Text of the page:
Letter from Thomas Jefferson to Spencer Roane (September 6, 1819)


In this letter dated September 6, 1819, Thomas Jefferson writes to Spencer Roane, a judge of the Virginia Court of Appeals, about his support for limited federal government and the separation of powers. Using the pen name “Hampden,” Roane wrote a series of articles in the Richmond Enquirer in 1819 against the U.S. Supreme Court’s decision in McCulloch v. Maryland (1819).


Poplar Forest

Sep. 6. 19.

Dear Sir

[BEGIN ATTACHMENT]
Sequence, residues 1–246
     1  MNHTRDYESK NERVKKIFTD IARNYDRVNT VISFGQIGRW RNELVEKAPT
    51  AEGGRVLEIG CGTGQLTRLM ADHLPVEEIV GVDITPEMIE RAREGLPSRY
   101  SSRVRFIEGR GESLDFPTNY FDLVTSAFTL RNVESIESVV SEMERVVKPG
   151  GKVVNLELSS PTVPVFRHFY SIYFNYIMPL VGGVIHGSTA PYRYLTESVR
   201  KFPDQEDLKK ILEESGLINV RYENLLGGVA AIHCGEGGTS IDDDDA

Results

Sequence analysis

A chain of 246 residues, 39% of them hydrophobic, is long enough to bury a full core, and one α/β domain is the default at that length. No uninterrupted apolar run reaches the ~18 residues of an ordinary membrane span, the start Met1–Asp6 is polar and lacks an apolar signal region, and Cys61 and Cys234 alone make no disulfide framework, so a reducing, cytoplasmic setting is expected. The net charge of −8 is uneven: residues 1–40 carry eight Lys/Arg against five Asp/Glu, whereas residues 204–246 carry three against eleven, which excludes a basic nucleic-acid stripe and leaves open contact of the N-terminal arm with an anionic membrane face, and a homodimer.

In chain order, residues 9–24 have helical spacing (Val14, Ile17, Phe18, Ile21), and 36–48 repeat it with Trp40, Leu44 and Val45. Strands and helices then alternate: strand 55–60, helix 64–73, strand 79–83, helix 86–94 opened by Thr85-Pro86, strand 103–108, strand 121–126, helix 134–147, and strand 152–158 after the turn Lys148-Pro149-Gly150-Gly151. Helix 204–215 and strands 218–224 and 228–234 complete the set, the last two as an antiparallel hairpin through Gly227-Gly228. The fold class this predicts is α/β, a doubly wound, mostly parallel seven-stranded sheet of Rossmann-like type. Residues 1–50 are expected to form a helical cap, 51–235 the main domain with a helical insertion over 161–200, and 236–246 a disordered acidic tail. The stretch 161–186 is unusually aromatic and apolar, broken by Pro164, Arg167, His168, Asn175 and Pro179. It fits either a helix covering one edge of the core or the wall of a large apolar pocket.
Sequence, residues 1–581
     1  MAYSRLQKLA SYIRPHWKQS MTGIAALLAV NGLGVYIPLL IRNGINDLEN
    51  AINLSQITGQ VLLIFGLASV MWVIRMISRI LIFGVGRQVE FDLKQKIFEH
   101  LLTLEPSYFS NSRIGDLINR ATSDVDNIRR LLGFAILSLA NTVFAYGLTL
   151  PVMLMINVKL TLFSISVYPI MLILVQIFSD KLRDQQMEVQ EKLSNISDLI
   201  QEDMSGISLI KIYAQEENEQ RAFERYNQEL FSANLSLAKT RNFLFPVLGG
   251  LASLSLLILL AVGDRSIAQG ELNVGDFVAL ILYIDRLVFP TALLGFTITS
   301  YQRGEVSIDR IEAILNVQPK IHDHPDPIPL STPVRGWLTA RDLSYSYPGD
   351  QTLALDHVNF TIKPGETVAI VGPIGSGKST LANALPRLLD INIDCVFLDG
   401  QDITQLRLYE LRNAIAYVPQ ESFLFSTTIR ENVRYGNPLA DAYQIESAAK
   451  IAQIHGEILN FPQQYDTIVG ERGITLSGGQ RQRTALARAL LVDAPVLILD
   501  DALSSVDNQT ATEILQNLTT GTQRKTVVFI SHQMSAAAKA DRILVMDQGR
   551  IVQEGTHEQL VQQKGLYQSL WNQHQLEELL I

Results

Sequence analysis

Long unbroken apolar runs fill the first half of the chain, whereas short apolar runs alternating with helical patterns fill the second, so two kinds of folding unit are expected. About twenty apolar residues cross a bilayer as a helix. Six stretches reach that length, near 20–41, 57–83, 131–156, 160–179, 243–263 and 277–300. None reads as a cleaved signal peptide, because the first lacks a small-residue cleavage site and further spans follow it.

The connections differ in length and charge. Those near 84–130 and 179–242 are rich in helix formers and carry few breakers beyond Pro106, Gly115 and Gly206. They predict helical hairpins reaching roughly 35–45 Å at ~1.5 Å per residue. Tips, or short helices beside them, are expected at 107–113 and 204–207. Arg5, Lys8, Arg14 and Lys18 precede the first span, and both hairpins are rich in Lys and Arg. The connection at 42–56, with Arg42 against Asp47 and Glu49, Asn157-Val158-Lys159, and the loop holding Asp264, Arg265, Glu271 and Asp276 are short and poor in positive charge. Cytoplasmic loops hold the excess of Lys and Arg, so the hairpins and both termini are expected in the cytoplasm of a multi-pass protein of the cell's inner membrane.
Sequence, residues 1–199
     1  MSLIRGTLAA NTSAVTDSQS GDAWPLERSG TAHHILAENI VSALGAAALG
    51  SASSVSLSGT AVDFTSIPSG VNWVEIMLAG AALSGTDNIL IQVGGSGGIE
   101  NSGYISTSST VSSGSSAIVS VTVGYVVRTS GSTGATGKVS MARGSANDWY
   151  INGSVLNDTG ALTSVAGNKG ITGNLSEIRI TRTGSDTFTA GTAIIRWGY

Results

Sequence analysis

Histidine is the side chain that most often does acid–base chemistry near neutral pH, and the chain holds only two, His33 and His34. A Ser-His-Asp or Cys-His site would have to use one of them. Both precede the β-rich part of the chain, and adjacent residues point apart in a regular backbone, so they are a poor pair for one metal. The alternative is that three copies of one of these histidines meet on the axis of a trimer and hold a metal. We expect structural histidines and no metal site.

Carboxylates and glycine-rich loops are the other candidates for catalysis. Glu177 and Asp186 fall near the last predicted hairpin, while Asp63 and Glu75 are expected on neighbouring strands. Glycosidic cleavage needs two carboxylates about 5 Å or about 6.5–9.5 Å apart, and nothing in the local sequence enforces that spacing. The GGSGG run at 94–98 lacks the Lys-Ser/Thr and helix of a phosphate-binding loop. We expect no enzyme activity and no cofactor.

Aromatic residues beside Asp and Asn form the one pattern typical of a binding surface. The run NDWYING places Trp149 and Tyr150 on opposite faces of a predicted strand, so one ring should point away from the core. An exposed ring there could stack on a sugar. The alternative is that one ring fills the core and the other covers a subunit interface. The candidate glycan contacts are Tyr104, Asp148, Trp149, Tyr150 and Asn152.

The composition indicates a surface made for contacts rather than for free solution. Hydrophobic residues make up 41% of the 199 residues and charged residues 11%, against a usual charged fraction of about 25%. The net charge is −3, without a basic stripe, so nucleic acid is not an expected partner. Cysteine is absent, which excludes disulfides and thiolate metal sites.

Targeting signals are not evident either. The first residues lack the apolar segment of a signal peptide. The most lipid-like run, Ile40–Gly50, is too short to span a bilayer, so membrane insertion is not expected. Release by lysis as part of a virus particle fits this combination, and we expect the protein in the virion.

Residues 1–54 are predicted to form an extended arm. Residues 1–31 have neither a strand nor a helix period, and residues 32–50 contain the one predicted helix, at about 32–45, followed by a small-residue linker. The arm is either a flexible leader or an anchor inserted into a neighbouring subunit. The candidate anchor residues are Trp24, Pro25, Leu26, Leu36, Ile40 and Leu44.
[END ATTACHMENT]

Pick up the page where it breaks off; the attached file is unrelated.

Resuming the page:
I had read in the Enquirer, and with great approbation the pieces signed Hampden, and have read them again with redoubled approbation in the copies you have been so kind as to send me. I subscribe to every tittle of them. they contain the true principles of the revolution of 1800. for that was as real a revolution in the principles of our government as that of 76. was in it’s form; not effected indeed by the sword, as that, but by the rational and peaceable instrument of reform, the suffrage of the people. the nation declared it’s will by dismissing functionaries of one principle, and electing those of another, in the two branches, executive and legislative, submitted to their election. over the judiciary department, the constitution had deprived them of their controul. that therefore has continued the reprobated system: and altho’ new matter has been occasionally incorporated into the old yet the leaven of the old mass seems to assimilate to itself the new; and after 20. years confirmation of the federated system by the voice of the nation declared thro’ the medium of elections, we find the judiciary on every occasion still driving us into consolidation. in denying the right they usurp of exclusively explaining the constitution I go further than you do, if I understand rightly your quotation from the Federalist of an opinion that the judiciary is the last resort in relation to the other departments of the government, but not in relation to the right of the parties to the compact under which the judiciary is derived. if this opinion be sound, then indeed is our constitution a compleat felo de se. for intending to establish three departments, coordinate and independant, that they might check and balance one another, it has given according to this opinion, to one of them alone the right to prescribe rules for the government of the others; and to that one too which is unelected by, and independent of, the nation. for experience has already shewn that the impeachment it has provided is not even a scare-crow; that such opinions as the one you combat, sent cautiously out, as you observe also by detachment, not belonging to the case often, but sought for out of it, as if to rally the public opinion beforehand to their views, and to indicate the line they are to walk in, have been so quietly passed over as never to have excited animadversion, even in a speech of any one of the body entrusted with impeachment. the constitution, on this hypothesis, is a mere thing of wax in the hands of the judiciary which they may twist and shape in to any form they please. it should be remembered as an axiom of eternal truth in politics that whatever power in any government is independant, is absolute also; in theory only, at first, while the spirit of the people is up. but in practice as fast as that relaxes. independance can be trusted nowhere but with the people in mass. they are inherently independant of all but moral law. my construction of the constitution is very different from that you quote. it is that each department is truly independant of the others, and has an equal right to decide for itself what is the meaning of the constitution in the cases submitted to it’s action; and especially where it is to act ultimately and without appeal. I will explain myself by examples which, having occurred while I was in office, are better known to me and the principles which governed them.